Eamonn Doyle, K38, 2018, Michael Hoppen Gallery
Born in Dublin in 1969, Eamonn Doyle graduated with a Diploma in Photography from IADT in 1991. He spent much of the next twenty years producing music and working in the independent music business, founding the Dublin Electronic Arts Festival (DEAF) alongside the record labels D1 Recordings and Dead Elvis. Doyle returned to photography in 2008. Most of Doyle’s work is produced in and around the Dublin city centre where he has lived for the past 20 years, and these images prove that some of the best photographs can be taken on your very own doorstep. This particular study is a series of beautifully cropped portraits of individuals as they go about their daily lives.
Most of them are elderly which imbues the images with a strong sense of the transience of our existence. Doyle manages to endow the images with an eerie purity, for they are void of the litter and urban furniture that is usually so common in street photography. Martin Parr has described i as ‘the best street photo book in a decade’. Indeed, the series is reminiscent of some of the greats, such as Walker Evans’ Subway photographs of the late 1940s, Harry Callahan’s Chicago series of the 50s, and Philip-Lorca diCorcia’s Streetwork of the 90s. The pictures possess all the mystery, candour and what Walker Evans described as “naked repose” of timeless street photography.
“I started photographing in and around Dublin city centre in the late 1980s, but I took something of a hiatus from photography in the late 1990s in order to concentrate on music. Returning to photography in recent years, I set out to work with what I knew. As a long-term resident of Parnell Street in Dublin’s north inner city, there was a wealth of photographic subjects on my doorstep. It’s an old working class area, now quite multicultural. At times it’s edgy and raw and vibrant, while at others, it seems half-sunk in a weary pathos. This set of photographs came about over a long reflective period in which I was re-reading Beckett. While photographing, I began to strip away as much of the context and background from the subjects as I could. The subjects are all shot at close range, but respectfully, perhaps even reverently. The pictures show only fragments of possible narratives, but for me, every life has weight and drama, even if its meaning is ultimately elusive.”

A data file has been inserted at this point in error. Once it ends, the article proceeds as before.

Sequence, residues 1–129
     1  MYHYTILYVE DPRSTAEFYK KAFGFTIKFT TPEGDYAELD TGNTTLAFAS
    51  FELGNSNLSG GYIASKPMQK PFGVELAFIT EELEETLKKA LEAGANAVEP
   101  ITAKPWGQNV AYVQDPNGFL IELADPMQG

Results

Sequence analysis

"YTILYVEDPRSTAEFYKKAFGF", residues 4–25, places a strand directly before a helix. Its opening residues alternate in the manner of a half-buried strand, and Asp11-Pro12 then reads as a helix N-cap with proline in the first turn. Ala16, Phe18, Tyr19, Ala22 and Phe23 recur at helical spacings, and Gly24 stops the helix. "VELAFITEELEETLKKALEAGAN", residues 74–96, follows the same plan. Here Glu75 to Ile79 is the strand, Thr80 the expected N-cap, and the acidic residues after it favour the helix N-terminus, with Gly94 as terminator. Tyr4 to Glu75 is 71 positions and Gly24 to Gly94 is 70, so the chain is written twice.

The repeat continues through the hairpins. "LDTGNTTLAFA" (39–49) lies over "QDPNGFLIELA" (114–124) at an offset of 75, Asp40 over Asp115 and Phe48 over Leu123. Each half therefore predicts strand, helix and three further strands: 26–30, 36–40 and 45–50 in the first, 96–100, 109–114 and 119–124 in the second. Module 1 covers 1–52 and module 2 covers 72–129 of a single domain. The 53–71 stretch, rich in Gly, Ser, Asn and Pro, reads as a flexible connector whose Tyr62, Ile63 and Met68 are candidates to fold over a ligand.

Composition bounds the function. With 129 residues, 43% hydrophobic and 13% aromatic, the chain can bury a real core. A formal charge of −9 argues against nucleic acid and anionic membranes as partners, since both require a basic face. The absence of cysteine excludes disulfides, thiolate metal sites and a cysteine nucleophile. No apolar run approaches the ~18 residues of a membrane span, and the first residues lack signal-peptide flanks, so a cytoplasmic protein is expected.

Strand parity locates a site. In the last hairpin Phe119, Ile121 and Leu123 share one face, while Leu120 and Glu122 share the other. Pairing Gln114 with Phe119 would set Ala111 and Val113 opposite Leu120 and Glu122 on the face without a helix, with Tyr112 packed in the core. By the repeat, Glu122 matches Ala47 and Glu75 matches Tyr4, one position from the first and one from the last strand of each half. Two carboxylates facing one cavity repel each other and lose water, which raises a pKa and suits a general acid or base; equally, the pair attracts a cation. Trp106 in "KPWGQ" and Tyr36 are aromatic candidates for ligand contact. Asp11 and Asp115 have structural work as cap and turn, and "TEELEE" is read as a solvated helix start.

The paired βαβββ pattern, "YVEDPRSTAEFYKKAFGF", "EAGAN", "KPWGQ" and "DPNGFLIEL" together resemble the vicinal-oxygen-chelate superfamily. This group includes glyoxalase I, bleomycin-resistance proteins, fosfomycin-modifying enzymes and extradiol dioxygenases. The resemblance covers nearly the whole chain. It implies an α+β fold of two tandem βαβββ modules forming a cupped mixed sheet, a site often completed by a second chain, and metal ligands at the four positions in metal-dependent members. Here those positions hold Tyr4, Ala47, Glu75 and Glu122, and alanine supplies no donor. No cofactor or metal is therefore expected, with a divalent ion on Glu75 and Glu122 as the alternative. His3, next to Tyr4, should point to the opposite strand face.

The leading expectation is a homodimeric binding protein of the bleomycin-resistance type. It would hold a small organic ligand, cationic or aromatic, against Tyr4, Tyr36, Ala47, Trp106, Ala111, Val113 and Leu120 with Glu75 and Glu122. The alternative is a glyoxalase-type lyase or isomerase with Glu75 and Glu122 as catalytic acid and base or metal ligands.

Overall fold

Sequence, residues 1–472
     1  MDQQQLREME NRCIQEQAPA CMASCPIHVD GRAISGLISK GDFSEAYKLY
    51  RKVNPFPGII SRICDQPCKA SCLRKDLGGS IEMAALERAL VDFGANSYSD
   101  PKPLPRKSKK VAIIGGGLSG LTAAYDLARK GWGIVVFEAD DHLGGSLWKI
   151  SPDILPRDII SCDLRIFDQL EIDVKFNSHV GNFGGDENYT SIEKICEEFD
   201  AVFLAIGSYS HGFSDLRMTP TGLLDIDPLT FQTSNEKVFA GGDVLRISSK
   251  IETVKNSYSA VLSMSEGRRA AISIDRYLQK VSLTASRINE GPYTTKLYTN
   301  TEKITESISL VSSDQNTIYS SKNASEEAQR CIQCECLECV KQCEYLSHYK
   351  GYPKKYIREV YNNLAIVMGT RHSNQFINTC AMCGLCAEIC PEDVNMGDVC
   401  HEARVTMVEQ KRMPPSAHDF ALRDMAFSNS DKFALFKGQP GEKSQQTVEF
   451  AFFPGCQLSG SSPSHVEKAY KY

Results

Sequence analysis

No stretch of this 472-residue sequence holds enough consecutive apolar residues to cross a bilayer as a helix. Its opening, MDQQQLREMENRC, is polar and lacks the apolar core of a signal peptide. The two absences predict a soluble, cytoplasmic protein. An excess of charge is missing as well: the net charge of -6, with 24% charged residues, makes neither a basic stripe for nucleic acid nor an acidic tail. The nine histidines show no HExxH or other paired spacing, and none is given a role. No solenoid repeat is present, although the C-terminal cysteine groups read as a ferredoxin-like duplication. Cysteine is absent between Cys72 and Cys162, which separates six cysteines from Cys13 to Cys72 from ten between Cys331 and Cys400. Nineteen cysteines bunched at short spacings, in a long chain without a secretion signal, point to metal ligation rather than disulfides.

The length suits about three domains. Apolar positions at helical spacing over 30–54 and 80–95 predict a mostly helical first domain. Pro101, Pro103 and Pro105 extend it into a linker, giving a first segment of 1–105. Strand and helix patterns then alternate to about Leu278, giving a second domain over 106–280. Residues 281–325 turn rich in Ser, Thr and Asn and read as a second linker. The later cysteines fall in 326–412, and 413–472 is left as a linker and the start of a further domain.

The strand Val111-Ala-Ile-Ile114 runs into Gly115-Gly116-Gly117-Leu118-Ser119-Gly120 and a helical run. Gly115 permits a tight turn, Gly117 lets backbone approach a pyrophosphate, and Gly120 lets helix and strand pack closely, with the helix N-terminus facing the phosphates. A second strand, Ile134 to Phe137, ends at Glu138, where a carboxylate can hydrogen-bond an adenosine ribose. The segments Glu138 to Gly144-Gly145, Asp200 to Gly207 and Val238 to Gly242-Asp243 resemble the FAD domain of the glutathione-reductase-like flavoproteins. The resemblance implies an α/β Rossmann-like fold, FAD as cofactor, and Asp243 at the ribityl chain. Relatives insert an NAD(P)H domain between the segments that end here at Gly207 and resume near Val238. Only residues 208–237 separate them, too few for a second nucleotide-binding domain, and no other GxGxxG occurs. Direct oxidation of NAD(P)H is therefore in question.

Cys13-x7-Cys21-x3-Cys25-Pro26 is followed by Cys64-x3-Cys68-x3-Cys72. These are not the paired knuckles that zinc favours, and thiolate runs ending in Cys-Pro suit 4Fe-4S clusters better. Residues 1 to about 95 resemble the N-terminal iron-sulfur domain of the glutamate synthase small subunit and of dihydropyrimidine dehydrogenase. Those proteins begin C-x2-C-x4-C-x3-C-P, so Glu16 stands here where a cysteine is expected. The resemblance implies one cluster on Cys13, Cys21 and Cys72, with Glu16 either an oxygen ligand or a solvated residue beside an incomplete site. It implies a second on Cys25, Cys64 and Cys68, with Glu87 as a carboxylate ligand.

Natalie Czech Kadel Willborn
Natalie Czech, Kool Kiss / Cigarette Ends, 2019, Kadel Willborn
Natalie Czech’s conceptual photography brings together existing images and texts and places them in a new dialogue with each other. By subtly adapting aspects of Pop and Conceptual Art, she engages in a tongue-in-cheek play with the “power of images” and the “meaning between the lines”. Natalie Czech’s series “Poet’s Questions” and “Poems by Repetition”, gauge the potentiality of pictorial and linguistic signs. Through markings in the text and image, a hidden, mundane poetry is “literally” and “pictorially” made visible and readable.
Natalie Czech’s work has become well-known through international solo shows and museum collections. Her works are included in museum collections such as those of the Pinakothek der Moderne Munich, the Fotomuseum Winterthur, the Museum of Modern Art New York or the Collection of The Federal Estate of Germany. Solo exhibitions have taken place at among others, the CRAC d’Alsace (2016), Palais de Tokyo Paris (2014), Kunstverein Hamburg (2013) or Ludlow 38 New York (2012). Her pieces have been on view in numerous exhibitions including “Next Generation”, Museum Leverkusen (2019), “Situation/Foto” at Fotomuseum Winterthur, “Art and Alphabet”, Kunsthalle Hamburg (2017), “New Photography”, Museum of Modern Art in New York (2015/16) and “No Man’s Land”, Rubell Family Collection (2015).